‘Recycling never goes out of style’: Find new uses for your old clothes

'Recycling never goes out of style': Find new uses for your old clothes

Two orange Simple Recycling bags to the left of a green recycling bin
Simple Recycling is a for-profit Ohio-based company that provides curbside textile collections in 30 Michigan communities. Photo Credit: Simple Recycling

This story was originally published on The Detroit Free Press.

Behold those pit-stained T-shirts, socks with holes in the heels and out-of-style paisley-patterned dress shirts taking up space in your closet.

If ever there was a scenario where the cliché “one person’s trash is another person’s treasure” was applicable, this is it.

“There is a value for most of even the rattiest of textiles that people tend to discard,” said Michael Csapo, general manager of the Resource Recovery and Recycling Authority of Southwest Oakland County (RRRASOC), which manages recycling programs in nine metro Detroit communities.

Unfortunately, much of that value is never realized, even though charities and other collection organizations can find use for virtually any old piece of clothing, Csapo notes. According to the U.S. Environmental Protection Agency, 85% of textiles end up in landfills, and a 2018 study determined that clothing is one of the world’s fastest-growing waste streams.

Recycling advocates throughout Michigan are working to reverse that trend.

“Fashions might come and go, but reducing the amount of material that enters landfills never goes out of style,” said Emily Freeman, recycling specialist in the Material Management Division of the Michigan Department of Environment, Great Lakes, and Energy (EGLE).

Education is key

In June, EGLE launched “Know It Before You Throw It,” a campaign to improve both the quality and quantity of recycling in Michigan.

With the Recycling Raccoon Squad serving as campaign ambassadors, EGLE aims to inform Michiganders about best recycling practices while doubling the statewide recycling rate to 30% by 2025 and ultimately reaching 45% annually.

Although rules often vary by community, textiles are typically not accepted by traditional curbside recycling services, including RRRASOC.

Old clothing is, however, a welcomed and important revenue stream for Michigan charities that collect donations at drop-off facilities.

Piles of sorted clothing at Goodwill Industries of Greater Grand Rapids are prepared for recycling
In 2018, Goodwill Industries of Greater Grand Rapids, for example turned the 600,000 individual donations it received into $25 million in revenues from sales at its network of retail outlets. The proceeds went toward funding the charity’s various skills training and rehabilitation programs. Photo Credit: Goodwill Industries of Greater Grand Rapids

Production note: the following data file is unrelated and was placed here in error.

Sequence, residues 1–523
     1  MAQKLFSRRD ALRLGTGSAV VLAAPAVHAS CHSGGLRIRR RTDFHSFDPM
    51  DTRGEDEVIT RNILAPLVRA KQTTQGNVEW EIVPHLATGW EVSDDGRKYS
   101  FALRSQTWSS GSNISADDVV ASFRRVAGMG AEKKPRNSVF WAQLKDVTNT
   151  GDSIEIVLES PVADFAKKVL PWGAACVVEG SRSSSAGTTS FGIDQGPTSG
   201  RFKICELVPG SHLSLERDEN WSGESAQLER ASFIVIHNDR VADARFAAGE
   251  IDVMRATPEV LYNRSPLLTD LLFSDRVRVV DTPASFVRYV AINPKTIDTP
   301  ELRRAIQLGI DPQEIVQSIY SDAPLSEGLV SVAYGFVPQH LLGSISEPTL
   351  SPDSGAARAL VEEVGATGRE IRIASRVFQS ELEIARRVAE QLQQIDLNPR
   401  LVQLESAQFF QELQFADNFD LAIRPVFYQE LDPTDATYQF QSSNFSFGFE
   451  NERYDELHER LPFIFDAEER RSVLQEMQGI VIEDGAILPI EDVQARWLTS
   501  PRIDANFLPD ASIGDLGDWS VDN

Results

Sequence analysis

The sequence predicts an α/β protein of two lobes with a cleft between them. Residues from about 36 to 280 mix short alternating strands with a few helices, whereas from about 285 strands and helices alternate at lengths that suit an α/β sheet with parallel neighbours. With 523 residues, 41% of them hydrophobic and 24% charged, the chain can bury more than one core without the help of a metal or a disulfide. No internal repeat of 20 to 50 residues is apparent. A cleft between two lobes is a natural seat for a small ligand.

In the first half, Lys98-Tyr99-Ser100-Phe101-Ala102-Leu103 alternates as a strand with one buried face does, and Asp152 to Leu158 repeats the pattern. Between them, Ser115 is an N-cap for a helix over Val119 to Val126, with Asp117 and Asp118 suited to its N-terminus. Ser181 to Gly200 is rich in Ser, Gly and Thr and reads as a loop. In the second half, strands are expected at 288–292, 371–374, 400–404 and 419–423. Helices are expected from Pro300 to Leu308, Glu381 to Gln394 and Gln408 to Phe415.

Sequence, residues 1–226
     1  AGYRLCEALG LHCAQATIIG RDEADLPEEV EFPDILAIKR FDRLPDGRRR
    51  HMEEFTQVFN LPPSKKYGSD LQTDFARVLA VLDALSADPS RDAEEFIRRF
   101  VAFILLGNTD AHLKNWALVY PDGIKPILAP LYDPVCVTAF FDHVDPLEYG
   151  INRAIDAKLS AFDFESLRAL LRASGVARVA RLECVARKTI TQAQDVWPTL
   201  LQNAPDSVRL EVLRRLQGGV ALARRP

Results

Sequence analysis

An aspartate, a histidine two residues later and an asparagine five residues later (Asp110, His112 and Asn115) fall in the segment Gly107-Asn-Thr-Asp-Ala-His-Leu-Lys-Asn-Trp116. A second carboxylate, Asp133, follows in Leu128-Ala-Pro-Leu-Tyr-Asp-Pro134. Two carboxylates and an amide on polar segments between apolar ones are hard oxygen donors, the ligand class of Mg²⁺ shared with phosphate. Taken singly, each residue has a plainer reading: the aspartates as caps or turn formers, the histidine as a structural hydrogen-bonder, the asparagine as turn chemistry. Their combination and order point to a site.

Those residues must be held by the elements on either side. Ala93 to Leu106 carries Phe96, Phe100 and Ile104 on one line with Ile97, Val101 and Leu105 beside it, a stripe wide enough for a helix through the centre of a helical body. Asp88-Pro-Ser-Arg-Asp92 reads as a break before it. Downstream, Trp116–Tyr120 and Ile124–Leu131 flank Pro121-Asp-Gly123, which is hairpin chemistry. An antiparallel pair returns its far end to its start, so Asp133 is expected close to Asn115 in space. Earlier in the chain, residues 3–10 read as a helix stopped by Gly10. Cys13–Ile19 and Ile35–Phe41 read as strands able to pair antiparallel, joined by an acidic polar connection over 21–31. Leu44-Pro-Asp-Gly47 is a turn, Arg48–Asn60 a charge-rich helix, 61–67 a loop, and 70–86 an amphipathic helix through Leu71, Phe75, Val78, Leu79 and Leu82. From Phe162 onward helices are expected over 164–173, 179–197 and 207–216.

And when it comes to textiles, there’s one overriding message recycling specialists want to deliver: Leave the sorting to us.

While organizations that collect used textiles can’t take items such as gasoline-soaked rags, those holey sweaters and shirts bearing pizza grease stains are perfectly OK.

“The trickiest part is educating people that we really don’t care about the condition of their clothing that they want to give us, as long as it’s clean and dry,” said Nick Carlson, vice president of donated goods operations at Goodwill Industries of Greater Grand Rapids and a director of the Michigan Recycling Coalition. “We ask them not to edit their donations. Trust us to get everything into the proper market.”

Although technology for turning old clothes into new garments is advancing rapidly, at this time it’s more a matter of reusing textiles than technically recycling them.

But like recycling, reusing also offers environmental and economic benefits.

The EPA estimates that textiles — mostly clothing but also items such as carpeting, furniture, sheets and towels — account for 8% of material going into landfills, providing a significant opportunity to conserve space.

“It’s also one of the higher-value items that goes into the waste stream,” said Adam Winfield, founder and president of Simple Recycling, a for-profit Ohio-based company that provides curbside textile collections in 30 Michigan communities — primarily in metro Detroit but also in Lansing and East Lansing.

Goodwill Industries of Greater Grand Rapids, for example, in 2018 turned the 600,000 individual donations it received into $25 million in revenues from sales at its network of retail outlets, Carlson said. The proceeds went toward funding the charity’s various skills training and rehabilitation programs.

There’s also a personal perk to donating clothing. Taxpayers who itemize can claim a charitable deduction on their federal tax returns.